When there is a queue of twenty people out the front, take the hint. It is either very good or super cheap.
Most of the time, I have a plan to eat my way around but after knocking back a handful of dumpling meals, I was satisfied by Hong Kong. This opened up the chance to eat at random. This joint , just near Temple Street, was doing a roaring trade in something that involved a giant stack of claypots which was reason enough to eat there.
Across the road is a hole in the wall place selling boiled offal in curry sauce. Once a family had joined the queue for the claypot joint, an emissary was sent over to the offal house to pick up a styrene clamshell of chopped tripe to see them through the queuing. Standing in line is reason enough to eat and the claypot restaurateurs were happy to let patrons bring in their own offal entree. This is probably a great measure of a food obsessed nation: that the only appropriate behaviour when waiting to eat is to eat something else. And there is always something else to eat at hand.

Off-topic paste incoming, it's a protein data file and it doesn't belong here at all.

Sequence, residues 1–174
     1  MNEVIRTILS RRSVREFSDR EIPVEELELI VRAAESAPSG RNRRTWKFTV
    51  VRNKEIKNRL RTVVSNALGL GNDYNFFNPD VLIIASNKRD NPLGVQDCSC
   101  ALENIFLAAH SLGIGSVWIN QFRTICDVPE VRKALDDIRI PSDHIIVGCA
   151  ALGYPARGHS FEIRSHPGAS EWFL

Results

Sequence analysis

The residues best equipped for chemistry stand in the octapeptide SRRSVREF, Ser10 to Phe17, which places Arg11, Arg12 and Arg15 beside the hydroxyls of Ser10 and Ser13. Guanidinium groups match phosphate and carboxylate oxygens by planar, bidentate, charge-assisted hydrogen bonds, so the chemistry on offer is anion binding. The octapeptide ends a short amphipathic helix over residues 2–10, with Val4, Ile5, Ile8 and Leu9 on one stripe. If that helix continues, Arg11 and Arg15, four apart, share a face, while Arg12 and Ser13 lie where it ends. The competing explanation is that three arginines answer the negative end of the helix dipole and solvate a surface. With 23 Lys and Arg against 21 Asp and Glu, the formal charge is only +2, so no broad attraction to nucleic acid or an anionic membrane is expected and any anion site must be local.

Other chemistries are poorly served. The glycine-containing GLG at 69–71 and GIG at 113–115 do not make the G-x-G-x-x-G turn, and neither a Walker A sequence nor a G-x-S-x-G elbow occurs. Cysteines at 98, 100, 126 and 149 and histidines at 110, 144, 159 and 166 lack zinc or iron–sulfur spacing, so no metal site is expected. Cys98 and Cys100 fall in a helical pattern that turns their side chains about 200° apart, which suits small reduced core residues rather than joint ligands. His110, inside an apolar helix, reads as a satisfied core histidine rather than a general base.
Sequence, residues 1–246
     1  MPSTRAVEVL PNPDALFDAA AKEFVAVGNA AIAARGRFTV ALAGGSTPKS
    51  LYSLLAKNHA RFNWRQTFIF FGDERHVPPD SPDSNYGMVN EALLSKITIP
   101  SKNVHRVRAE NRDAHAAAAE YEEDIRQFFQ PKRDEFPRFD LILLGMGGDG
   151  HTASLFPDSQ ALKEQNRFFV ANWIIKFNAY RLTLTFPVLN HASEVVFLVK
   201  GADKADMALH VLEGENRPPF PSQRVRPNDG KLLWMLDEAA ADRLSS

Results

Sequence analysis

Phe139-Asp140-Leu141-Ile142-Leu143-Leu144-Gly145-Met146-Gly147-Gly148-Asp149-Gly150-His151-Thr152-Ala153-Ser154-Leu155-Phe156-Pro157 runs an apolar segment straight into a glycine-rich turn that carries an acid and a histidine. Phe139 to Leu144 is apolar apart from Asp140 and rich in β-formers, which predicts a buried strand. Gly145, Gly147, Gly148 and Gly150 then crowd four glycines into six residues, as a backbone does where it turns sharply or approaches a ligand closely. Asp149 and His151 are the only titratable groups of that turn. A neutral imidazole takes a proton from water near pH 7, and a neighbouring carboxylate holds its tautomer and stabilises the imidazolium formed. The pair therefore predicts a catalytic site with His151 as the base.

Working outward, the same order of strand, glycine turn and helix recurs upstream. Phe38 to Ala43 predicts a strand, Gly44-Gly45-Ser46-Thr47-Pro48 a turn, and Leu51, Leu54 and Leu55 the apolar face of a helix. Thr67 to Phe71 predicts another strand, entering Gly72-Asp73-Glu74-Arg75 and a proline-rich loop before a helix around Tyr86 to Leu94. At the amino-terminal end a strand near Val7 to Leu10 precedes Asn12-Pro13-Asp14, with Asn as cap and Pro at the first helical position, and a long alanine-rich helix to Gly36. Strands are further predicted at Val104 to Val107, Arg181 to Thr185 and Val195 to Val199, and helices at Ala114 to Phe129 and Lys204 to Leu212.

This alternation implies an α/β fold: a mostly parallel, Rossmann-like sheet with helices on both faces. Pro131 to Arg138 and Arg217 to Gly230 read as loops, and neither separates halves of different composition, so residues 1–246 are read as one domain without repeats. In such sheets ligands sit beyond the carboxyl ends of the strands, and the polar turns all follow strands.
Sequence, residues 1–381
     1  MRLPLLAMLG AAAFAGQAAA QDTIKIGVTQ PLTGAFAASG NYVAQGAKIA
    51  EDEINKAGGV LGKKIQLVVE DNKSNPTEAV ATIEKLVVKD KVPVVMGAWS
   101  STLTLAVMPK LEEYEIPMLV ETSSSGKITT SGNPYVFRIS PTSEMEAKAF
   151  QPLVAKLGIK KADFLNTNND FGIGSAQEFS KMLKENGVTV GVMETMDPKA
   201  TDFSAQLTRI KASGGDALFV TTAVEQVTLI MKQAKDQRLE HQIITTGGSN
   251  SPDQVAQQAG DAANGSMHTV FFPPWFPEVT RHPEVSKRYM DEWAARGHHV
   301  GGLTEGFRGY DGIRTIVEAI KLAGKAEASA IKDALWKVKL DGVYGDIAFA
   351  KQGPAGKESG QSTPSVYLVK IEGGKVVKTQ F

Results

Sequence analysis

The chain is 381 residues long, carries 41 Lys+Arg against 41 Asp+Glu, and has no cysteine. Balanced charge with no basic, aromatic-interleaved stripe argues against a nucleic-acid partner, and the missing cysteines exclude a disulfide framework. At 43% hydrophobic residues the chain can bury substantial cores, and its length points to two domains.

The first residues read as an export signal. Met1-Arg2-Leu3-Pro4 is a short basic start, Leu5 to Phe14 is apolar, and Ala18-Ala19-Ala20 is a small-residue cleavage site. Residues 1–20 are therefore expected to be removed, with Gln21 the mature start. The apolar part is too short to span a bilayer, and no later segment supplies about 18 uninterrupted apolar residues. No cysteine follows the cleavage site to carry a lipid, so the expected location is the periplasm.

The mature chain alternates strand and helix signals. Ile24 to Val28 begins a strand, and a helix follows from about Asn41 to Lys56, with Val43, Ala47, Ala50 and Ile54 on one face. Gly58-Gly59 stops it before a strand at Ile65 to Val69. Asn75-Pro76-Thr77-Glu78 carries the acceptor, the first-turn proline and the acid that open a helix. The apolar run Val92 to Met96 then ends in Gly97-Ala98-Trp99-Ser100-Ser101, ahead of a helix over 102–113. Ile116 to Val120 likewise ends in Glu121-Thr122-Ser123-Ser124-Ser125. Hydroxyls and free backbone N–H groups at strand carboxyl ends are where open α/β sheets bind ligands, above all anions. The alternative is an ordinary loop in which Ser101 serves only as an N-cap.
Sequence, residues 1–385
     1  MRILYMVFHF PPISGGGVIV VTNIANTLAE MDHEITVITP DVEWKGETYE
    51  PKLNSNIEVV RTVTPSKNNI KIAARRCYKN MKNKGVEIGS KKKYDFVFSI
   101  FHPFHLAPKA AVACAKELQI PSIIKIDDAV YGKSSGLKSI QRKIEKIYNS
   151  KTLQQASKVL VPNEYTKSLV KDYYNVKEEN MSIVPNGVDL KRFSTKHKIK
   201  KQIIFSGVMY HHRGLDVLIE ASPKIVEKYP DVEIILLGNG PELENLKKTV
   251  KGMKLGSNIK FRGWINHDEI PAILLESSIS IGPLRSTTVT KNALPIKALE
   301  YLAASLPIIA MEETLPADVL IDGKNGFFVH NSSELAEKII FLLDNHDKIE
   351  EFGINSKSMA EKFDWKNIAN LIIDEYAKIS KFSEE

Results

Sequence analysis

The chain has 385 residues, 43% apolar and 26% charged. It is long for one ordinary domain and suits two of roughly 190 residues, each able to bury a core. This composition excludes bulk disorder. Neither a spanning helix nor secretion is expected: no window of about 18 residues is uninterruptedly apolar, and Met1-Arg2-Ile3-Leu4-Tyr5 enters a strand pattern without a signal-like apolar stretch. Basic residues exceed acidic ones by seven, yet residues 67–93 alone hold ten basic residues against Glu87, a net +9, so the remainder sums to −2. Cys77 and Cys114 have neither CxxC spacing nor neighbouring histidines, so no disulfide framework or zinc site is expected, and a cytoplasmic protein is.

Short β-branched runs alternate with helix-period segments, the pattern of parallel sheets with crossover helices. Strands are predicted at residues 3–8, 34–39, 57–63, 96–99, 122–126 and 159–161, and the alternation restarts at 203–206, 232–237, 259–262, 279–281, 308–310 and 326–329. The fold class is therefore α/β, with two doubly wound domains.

Once crammed into a communal table, I ordered what the people next to me ate.
Oyster omelette, deep fried until crispy with a sweet chilli sauce. This dish pops up all over Southeast Asia, but I’d never had it before in this crisp form.
Burnt claypot chicken rice; advertised as “Four Seasons Claypot Rice” on the menu. Rice is cooked in the claypot over a relatively high heat, which steams the chicken and burns a rich toasty layer of rice onto the bottom of the pot.
The local tactic for eating this dish is to pour a slug of soy sauce into the dish and then sit and wait for five excruciating minutes. The only two valid reasons that I can muster for the wait is firstly, the pot is damn hot; and secondly, maybe the extra liquid and steam from the soy lifts and softens the rice that is burnt onto the bottom of the pot. Maybe soy sauce represents the missing fourth season. If any claypot junkies can enlighten me, I’d love to know.